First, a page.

While the world focuses its attention on the Persian Gulf war, the aged Communist reactionaries who rule China are closing the books on the democracy movement they suppressed so brutally in June 1989.
Some 30 leaders of the Tiananmen Square agitation that held the world's attention have finally been tried over the past five weeks, most of them after 20 months of captivity. The trials were secret. The press could not attend. Seven human rights observers were let into the country from the West, then kicked out.
Clearly the regime is trying to wrap up and put this episode behind it. Most of the "crimes" charged are "counter-revolutionary propaganda and incitement," with sentences ranging from a few years to 13-year jail terms handed out Tuesday to two unrepentant pro-democracy leaders.
It is a sad business. Beijing hopes it will pass unnoticed. The gulf war is a handy distraction which, China's leaders must hope, has pre-empted the world supply of indignation. The trials were held suddenly, a good six months after the law required.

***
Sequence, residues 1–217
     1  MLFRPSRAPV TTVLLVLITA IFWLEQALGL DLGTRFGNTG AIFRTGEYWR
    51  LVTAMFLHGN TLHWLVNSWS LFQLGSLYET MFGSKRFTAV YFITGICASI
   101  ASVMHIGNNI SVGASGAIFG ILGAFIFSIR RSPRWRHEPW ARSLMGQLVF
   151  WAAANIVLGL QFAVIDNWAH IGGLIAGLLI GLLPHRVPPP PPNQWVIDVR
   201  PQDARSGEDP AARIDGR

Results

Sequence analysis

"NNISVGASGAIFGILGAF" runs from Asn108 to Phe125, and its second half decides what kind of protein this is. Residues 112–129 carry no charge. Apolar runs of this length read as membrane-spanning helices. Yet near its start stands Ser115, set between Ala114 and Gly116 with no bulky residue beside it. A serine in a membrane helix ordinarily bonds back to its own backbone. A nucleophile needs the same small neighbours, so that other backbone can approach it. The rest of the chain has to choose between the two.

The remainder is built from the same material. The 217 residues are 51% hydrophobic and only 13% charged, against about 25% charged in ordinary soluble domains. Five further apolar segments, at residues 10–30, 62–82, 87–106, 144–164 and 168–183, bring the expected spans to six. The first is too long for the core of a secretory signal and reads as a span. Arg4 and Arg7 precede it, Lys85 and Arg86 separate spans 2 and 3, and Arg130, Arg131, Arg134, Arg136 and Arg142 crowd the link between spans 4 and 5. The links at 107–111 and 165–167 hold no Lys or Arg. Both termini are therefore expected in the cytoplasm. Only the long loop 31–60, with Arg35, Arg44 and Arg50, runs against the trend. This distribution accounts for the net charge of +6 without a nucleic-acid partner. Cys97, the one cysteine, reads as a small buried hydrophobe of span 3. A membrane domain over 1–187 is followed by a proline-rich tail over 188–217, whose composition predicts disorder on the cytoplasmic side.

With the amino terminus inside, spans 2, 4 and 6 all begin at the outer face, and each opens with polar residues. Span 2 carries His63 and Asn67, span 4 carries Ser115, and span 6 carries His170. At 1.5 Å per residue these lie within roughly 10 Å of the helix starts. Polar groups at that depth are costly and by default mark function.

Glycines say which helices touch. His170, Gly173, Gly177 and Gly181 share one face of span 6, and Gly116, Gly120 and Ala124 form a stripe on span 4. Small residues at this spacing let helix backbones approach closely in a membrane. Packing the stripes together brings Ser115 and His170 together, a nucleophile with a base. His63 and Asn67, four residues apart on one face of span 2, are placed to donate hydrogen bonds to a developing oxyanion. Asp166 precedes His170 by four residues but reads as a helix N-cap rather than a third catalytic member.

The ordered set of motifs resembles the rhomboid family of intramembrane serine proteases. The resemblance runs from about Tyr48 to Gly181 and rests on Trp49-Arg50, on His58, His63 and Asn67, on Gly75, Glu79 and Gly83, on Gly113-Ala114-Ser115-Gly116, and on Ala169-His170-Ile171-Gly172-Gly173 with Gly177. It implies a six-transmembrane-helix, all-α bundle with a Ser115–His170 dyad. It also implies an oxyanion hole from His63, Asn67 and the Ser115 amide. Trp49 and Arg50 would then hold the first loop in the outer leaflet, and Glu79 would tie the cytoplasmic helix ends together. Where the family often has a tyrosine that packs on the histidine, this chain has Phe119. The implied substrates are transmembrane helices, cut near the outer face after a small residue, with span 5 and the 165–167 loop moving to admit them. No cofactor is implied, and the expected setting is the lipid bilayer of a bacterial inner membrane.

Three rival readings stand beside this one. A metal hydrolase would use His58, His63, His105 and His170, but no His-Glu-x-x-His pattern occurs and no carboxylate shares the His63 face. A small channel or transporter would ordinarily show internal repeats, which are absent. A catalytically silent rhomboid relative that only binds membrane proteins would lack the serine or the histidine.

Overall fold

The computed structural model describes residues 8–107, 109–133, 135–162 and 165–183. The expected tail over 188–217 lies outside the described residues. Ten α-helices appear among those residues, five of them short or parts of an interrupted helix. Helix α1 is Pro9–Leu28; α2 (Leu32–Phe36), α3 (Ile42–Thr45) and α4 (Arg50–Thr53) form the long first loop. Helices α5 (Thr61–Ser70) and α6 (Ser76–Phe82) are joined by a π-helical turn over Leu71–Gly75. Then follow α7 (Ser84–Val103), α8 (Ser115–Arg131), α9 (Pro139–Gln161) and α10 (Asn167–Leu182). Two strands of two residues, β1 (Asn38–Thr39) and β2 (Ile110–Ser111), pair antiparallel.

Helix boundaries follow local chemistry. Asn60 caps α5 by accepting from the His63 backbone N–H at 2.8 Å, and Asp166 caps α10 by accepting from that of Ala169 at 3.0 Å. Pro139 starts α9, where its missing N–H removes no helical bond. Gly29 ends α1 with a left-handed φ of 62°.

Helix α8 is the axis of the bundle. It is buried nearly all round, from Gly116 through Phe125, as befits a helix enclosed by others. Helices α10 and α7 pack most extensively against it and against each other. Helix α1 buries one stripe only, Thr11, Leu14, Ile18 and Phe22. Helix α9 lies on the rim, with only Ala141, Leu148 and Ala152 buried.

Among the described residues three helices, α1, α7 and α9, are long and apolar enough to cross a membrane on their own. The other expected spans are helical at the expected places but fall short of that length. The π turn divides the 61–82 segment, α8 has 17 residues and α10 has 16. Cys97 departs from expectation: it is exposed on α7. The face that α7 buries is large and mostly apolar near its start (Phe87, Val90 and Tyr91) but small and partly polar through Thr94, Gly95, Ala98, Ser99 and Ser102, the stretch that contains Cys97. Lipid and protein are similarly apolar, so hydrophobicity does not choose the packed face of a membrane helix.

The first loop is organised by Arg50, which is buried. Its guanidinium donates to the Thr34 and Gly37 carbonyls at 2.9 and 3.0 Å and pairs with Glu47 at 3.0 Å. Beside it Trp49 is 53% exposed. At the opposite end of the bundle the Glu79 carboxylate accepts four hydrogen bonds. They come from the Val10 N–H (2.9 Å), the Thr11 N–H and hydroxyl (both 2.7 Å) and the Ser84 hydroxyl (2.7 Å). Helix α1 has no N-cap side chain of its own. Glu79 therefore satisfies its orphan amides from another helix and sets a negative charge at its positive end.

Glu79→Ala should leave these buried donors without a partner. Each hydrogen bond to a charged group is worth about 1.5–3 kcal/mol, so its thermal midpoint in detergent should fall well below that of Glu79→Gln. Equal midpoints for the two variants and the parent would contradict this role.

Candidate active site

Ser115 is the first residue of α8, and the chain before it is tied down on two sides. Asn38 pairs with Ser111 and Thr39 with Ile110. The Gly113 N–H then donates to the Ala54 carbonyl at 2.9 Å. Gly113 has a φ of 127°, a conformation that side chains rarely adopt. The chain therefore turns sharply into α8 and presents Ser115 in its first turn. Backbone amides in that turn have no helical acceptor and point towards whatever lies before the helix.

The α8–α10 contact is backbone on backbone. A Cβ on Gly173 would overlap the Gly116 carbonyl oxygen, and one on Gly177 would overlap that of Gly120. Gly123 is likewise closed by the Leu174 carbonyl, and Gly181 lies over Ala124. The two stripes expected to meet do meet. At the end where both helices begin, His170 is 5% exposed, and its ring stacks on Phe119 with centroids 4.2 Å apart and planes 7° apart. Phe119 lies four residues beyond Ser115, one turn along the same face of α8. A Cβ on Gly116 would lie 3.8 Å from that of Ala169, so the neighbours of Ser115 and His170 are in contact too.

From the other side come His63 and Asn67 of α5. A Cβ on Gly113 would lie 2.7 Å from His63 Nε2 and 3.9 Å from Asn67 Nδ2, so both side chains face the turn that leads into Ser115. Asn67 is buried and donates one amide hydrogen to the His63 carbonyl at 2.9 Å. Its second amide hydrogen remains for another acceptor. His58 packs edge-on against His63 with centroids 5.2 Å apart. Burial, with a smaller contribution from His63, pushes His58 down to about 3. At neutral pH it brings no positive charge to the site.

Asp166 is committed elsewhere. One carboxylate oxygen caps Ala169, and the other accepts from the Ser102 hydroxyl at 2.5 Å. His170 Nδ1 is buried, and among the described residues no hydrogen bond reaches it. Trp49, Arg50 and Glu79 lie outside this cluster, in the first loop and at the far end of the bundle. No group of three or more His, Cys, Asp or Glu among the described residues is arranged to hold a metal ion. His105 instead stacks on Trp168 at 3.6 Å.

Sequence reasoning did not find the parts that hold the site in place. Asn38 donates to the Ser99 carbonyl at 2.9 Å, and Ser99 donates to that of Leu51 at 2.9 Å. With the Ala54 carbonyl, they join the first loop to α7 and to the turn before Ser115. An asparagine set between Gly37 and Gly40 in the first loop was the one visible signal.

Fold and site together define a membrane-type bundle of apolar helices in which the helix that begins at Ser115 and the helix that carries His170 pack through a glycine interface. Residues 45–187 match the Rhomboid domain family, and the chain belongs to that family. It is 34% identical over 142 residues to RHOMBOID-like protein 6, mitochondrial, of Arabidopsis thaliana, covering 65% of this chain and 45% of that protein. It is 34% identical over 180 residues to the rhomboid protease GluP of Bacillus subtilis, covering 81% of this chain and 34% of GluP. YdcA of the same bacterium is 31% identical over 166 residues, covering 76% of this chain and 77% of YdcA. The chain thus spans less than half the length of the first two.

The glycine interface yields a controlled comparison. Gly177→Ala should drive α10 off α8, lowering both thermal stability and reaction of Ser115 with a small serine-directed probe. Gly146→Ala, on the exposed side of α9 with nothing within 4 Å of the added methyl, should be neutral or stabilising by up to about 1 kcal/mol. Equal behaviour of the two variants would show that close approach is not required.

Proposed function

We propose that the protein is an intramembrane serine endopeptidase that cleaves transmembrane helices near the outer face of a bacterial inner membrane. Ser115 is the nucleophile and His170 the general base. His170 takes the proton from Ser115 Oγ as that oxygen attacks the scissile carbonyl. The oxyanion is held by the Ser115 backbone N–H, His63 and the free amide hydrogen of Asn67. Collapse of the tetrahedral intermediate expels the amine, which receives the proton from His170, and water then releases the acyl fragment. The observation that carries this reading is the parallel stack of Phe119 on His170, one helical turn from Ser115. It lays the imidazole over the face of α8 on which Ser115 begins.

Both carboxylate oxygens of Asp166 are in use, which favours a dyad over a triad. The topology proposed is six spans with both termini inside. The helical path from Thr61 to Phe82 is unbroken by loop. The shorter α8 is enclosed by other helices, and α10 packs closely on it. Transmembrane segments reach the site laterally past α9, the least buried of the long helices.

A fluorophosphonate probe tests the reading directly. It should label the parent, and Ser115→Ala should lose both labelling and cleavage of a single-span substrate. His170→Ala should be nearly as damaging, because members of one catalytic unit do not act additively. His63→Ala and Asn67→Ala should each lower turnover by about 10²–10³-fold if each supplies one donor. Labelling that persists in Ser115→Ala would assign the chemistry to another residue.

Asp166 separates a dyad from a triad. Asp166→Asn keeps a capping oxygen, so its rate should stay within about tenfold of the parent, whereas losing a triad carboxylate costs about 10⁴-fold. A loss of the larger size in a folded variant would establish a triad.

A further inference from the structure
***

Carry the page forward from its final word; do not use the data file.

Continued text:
China will not quickly recover from the wounds self-inflicted in the brutal crackdown at Tiananmen Square. Trade, investment and tourism continue to suffer.
But Western business will pay for its reticence to move back onto the mainland. Japanese and Taiwanese capital investors are less squeamish about human-rights abuses in China, and lead the way back without competition.
China is too great, cultured and diverse for this. The top leaders will soon die out and the middle-aged managers will then disappear. The forces of protest and diverse opinion, now held in check, will come forth again. Most of the defendants in these secret trials are young. They are -- still, even in prison -- the future of China.